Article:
In direct response to Airbnb’s ongoing and very public problems with race-based discrimination on their platform, two new rental sites, the similarly named Noirbnb and Noirebnb, have popped up, designed to capitalize on the growing black travel market, while vowing to make renting safer for guests of color. Noirbnb was founded by rapper Stefan Grant, who was nearly arrested attempting to check into his Airbnb rental in October 2015 – neighbors assumed he was breaking in. Rohan Gilkes, the founder of Noirebnb, was denied a rental in Idaho, which mysteriously reappeared when he asked a white friend to try to complete a booking for the same property.  
Tech Insider


The Woke Leader



Girl all grown.
Culture editor Bim Adewunmi digs into the “coming of age” genre for film and television, a comfort food category where boys, typically, turn into men through culturally proscribed rites of passage. But for girls, specifically black ones, the genre is more rich with meaning and opportunity than one might expect. It’s some welcome good news for diversity in the entertainment category, but only if you are willing to re-think the trope. “I would argue that coming-of-age stories may well be the only genre in which black girls and women are represented with something approaching equality (at least in terms of screen time) in popular culture, if you widen the net of what a coming-of-age story can be.” In addition to chewy commentary, Adewunmi provides a terrific summer viewing and reading list.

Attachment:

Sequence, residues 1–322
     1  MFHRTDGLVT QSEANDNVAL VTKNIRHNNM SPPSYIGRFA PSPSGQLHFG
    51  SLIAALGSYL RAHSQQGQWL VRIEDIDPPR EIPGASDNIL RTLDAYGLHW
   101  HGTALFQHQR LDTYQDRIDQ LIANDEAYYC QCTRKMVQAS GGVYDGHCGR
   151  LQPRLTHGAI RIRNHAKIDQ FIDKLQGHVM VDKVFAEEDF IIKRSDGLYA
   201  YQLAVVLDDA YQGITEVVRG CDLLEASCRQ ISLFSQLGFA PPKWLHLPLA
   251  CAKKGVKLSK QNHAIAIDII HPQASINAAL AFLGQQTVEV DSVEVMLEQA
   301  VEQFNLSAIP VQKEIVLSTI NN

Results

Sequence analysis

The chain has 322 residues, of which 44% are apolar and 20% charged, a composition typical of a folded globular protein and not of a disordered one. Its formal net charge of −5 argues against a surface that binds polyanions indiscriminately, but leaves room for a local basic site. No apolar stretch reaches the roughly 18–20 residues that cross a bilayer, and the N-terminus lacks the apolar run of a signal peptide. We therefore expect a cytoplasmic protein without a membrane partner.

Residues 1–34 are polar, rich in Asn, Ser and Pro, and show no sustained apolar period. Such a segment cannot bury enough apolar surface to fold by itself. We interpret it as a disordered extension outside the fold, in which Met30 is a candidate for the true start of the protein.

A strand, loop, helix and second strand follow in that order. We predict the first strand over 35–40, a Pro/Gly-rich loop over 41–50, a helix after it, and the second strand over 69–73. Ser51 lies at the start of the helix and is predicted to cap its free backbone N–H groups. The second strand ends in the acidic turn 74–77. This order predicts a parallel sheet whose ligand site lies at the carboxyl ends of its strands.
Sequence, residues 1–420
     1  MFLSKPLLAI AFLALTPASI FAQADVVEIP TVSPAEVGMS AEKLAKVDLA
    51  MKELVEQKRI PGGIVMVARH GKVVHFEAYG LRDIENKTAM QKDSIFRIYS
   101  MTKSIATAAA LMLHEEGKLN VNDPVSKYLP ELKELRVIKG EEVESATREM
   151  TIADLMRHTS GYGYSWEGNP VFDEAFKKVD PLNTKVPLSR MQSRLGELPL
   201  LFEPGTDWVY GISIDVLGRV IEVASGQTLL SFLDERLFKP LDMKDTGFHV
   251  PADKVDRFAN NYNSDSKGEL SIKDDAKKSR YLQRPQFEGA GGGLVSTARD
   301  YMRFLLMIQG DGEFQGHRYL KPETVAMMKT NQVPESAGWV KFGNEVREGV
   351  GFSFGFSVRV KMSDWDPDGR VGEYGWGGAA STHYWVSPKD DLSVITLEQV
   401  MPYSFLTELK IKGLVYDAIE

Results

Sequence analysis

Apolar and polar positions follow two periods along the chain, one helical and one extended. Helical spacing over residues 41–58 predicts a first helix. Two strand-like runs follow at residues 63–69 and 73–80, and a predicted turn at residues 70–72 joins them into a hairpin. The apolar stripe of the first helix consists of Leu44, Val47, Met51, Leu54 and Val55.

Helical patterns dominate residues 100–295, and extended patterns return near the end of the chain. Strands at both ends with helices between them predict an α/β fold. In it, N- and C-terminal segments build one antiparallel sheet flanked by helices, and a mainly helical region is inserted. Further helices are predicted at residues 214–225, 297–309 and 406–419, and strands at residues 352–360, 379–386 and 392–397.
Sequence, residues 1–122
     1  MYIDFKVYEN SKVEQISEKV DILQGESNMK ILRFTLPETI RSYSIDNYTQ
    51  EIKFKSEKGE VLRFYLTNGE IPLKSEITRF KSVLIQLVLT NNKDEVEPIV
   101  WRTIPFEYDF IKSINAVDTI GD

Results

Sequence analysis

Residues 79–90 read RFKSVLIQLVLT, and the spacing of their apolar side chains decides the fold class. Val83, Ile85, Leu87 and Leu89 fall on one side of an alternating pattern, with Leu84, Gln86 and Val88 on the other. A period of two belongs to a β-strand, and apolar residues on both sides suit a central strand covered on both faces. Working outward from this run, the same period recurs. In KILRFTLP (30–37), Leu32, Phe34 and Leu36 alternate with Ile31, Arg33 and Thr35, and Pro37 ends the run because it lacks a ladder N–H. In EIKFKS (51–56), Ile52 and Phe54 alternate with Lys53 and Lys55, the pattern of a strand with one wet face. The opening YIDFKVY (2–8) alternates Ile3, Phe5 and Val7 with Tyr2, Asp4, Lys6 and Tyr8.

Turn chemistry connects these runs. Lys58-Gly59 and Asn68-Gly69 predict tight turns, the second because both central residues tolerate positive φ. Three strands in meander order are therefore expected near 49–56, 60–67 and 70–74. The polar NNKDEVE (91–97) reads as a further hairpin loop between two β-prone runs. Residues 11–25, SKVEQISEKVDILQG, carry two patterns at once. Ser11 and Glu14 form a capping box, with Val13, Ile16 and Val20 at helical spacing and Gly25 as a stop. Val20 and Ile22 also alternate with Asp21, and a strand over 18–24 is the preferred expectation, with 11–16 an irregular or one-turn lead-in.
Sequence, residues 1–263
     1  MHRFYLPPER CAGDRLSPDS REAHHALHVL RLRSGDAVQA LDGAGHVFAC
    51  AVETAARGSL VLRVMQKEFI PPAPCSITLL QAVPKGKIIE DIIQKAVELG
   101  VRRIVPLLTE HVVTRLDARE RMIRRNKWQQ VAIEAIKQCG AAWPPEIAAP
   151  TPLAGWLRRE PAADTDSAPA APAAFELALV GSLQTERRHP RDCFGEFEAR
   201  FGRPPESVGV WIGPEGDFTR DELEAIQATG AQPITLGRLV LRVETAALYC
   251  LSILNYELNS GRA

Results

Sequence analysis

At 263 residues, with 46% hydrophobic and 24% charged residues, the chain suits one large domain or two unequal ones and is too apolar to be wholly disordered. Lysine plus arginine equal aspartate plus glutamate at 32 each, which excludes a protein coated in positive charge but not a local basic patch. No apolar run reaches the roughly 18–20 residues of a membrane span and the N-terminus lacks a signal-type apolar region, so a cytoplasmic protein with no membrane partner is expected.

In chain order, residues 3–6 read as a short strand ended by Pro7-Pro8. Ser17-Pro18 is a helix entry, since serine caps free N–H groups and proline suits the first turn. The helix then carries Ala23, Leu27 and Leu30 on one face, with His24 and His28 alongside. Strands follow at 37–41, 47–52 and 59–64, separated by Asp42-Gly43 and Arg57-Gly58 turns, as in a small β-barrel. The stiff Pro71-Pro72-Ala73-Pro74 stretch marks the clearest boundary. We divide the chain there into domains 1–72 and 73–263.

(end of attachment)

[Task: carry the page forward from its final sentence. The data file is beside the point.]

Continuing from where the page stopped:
BuzzFeed



Our gang signs.
Professor Julia Lee has written a fascinating book on the racial history of “The Little Rascals,” a show that was far more progressive than I ever had imagined. It was, at least at the beginning, an authentically integrated cast of very little kids having a really fun time. Turns out, that was a radical act. “The thing that is just mind-boggling when you think about it is that in 1922, we’re talking about—this is the height of Jim Crow,” Lee told NPR’s Robert Siegel in an interview about the book. “You have the Ku Klux Klan undergoing a period of resurgence. You have lynchings going around across the country. And so race relations were at an incredible low, and yet you have this series that’s so popular that shows black and white children playing together as if there’s no such thing as race at all.” It goes downhill from there, sadly. 
NPR



Where did you say you were from?
Tomas Chamorrow-Premuzic and Michael Sanger ponder the question: Does your country of origin determine how you’ll lead? The answer is a qualified yes, if you believe, like they seem to, that cultures differ widely in terms of implicit theories of leadership. Such baked in assumptions inform what an individual believes leadership looks like. They shape an individual’s communication and decision-making styles, and they can predict some fairly serious derailers. Hmmm.
HBR

—raceAhead is edited by Scott Olster